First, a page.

2. Bear, M. F., Connors, B. W., & Paradiso, M. A. (2016). Neuroscience: Exploring the brain. 4th Edition, Wolters Kluwer, Philadelphia. (Chapters 5 – 8 on synaptic transmission, structure of the nervous system and human neuroanatomy and chapter 12 on the somatosensory system).

Module specific reading

3. McMahon, S & Koltzenburg, M, Tracey I, Turk D (2005). Wall and Melzack's Textbook of Pain. 6th Edition, Churchill Livingstone, Elsevier Health Sciences. (Chapters 1, 5 – 8, 12, 18 – 21, 24, 25, 27, 28, 30 – 36, 38, 41, 42, 44 – 50, 61, 63, 65, 70).

4. Bannister K, Hughes S. One size doesn't fit all: towards optimising the therapeutic potential of endogenous pain modulatory systems. Pain. 2022 May 20. doi: 10.1097/j.pain.0000000000002697. PMID: 35594517.

5. Chronic pain (primary and secondary) in over 16s: assessment of all chronic pain and management of chronic primary pain. London: National Institute for Health and Care Excellence (NICE); 2021 Apr 7. (NICE Guideline, No. 193.) Available from:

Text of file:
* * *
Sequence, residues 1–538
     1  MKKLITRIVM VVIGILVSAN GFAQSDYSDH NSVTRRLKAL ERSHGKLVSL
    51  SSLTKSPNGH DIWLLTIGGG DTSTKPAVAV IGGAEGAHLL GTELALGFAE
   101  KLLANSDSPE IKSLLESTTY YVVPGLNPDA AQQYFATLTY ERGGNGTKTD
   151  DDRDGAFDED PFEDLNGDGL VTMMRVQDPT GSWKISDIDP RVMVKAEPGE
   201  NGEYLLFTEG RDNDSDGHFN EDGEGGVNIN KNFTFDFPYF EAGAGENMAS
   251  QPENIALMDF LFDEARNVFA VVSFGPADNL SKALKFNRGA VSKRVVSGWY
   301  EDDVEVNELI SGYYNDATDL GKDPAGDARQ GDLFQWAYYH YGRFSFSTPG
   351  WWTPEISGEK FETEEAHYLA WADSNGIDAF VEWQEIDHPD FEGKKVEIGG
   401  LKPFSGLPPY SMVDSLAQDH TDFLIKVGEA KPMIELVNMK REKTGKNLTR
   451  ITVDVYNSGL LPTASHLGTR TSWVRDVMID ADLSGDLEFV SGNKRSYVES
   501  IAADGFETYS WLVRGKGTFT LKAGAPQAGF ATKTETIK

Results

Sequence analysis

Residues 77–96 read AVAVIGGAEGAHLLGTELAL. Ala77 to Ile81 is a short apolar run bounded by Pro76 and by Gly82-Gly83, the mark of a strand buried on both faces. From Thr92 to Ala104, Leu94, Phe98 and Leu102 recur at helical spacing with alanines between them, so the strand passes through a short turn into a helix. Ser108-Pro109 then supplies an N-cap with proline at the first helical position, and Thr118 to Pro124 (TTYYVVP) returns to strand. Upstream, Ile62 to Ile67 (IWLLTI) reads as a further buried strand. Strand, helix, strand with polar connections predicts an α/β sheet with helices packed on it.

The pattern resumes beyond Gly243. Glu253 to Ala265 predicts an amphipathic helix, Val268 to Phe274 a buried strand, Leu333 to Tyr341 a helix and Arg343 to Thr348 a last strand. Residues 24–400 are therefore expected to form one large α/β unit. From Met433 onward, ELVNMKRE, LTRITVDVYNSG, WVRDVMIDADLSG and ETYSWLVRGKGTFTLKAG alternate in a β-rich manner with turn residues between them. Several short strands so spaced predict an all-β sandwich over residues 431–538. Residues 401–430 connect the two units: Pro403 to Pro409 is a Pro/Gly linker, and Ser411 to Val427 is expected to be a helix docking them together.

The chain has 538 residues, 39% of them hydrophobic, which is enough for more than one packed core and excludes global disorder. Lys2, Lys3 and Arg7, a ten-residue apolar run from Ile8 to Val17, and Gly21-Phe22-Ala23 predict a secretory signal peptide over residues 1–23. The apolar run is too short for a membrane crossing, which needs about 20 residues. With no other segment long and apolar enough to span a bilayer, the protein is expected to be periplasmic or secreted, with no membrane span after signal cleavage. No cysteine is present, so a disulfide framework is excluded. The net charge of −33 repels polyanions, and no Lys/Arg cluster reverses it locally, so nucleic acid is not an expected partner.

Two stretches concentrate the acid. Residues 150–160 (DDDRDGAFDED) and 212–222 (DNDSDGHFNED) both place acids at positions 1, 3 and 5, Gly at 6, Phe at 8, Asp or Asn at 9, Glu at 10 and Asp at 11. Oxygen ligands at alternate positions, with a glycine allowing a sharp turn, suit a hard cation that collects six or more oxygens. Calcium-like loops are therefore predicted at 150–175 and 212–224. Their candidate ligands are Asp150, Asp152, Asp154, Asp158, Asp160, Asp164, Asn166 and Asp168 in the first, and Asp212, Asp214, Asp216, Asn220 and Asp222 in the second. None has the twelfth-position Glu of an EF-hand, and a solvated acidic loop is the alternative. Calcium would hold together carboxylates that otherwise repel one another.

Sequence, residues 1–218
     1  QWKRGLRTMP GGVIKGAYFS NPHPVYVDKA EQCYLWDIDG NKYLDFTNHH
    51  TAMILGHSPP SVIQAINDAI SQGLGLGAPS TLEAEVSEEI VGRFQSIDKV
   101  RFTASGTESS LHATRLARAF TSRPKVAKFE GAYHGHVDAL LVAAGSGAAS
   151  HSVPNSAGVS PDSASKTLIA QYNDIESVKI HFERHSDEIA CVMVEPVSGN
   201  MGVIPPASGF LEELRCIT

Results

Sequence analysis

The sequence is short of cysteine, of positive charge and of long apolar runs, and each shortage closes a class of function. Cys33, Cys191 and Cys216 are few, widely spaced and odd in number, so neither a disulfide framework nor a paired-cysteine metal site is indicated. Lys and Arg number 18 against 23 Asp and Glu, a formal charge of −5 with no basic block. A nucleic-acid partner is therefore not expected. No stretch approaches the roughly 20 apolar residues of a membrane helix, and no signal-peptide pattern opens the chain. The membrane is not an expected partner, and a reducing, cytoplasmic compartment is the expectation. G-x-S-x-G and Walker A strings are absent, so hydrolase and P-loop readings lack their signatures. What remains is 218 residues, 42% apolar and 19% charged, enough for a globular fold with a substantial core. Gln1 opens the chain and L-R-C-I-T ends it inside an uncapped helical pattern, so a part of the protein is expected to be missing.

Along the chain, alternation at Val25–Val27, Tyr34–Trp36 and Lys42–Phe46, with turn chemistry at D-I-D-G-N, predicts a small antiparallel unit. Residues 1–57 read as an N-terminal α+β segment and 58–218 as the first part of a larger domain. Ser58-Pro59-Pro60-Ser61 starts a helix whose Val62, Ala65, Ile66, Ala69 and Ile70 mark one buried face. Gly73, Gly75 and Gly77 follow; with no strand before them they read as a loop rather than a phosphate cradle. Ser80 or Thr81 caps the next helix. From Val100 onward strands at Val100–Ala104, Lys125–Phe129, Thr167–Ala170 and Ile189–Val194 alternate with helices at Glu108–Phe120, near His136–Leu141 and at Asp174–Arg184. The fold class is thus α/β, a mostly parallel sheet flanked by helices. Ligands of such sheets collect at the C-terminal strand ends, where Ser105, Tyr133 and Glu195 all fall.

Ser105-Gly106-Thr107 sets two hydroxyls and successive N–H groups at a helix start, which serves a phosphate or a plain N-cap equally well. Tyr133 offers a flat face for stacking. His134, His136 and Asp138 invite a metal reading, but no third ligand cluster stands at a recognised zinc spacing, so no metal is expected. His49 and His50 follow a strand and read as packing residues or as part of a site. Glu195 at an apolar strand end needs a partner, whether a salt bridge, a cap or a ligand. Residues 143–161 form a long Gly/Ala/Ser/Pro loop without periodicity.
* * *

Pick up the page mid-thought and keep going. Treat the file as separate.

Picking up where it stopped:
6. Trost Z, France C, Anam M, Shum C. Virtual reality approaches to pain: toward a state of the science. Pain. 2021 Feb 1;162(2):325-331. doi: 10.1097/j.pain.0000000000002060. PMID: 32868750.

All the recommended books and journal articles are available as an e-resource at the University of Exeter Library. Other resources on specific topics might be recommended by the lecturers and will be added to ELE webpage and included as recommended reading material at the end of each lecture.

Key words search

Pain, Neuroscience, Sensory, Brain, Spinal Cord, Modulation, Chronic Pain, Analgesia.

Credit value15
Module ECTS